The nonprofit group reviewed the records of 79,000 car seat inspections that took place in 2009-10. Among the findings:
Parents don't use the tether strap or use it incorrectly.
The tether strap limits the movement of the child's head during a Georgia car wreck. This reduces the chances of a head or neck injury. Thirty percent of parents did not use the strap; 25% of parents used it incorrectly.
Car seats are installed in the wrong direction.
Rear-facing infant seats are not designed to be used in a forward-facing position. Regardless of a child's size, it is safest for children under two years of age to ride in a rear-facing car seat.
Child exceeds the weight limit for the safety seat.
A car seat that is too small does not offer enough head and neck support. This puts the child at increased risk for potentially fatal head and neck injuries.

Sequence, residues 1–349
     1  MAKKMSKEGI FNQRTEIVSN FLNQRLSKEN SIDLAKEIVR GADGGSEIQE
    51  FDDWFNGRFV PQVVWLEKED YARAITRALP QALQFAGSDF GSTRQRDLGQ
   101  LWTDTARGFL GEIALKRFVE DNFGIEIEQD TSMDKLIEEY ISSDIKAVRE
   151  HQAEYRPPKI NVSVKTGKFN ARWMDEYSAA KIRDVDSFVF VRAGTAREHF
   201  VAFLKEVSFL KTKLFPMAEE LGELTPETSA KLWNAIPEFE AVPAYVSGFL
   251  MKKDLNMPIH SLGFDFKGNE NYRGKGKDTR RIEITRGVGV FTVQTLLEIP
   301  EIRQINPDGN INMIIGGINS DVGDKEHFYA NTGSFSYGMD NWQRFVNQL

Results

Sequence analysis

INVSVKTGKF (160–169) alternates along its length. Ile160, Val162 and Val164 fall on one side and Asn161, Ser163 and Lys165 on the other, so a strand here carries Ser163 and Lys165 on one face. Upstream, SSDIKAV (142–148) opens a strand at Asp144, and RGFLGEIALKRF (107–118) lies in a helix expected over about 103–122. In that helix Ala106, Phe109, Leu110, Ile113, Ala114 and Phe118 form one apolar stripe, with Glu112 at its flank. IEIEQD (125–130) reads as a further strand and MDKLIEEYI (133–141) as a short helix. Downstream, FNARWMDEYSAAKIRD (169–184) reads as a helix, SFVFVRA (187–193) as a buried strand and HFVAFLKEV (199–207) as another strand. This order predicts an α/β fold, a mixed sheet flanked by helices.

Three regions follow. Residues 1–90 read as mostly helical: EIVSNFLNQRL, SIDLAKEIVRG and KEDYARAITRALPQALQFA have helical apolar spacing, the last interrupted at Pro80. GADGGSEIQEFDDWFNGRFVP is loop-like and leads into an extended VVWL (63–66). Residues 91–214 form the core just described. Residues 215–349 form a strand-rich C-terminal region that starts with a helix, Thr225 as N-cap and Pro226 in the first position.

Straps are too loose.
Straps should fit snugly. If the straps are too loose, the child can slip out of his seat in a Georgia car crash.
Georgia traffic accidents are the leading cause of death for children ages 3 to 14. Riding in a properly installed child safety seat can decrease the risk of Georgia accident death by 54 to 71 percent, depending upon the age of the child.
Do you have questions about your child's injuries? Contact Atlanta accident injury lawyer Shane Smith at 770-HURT-999.
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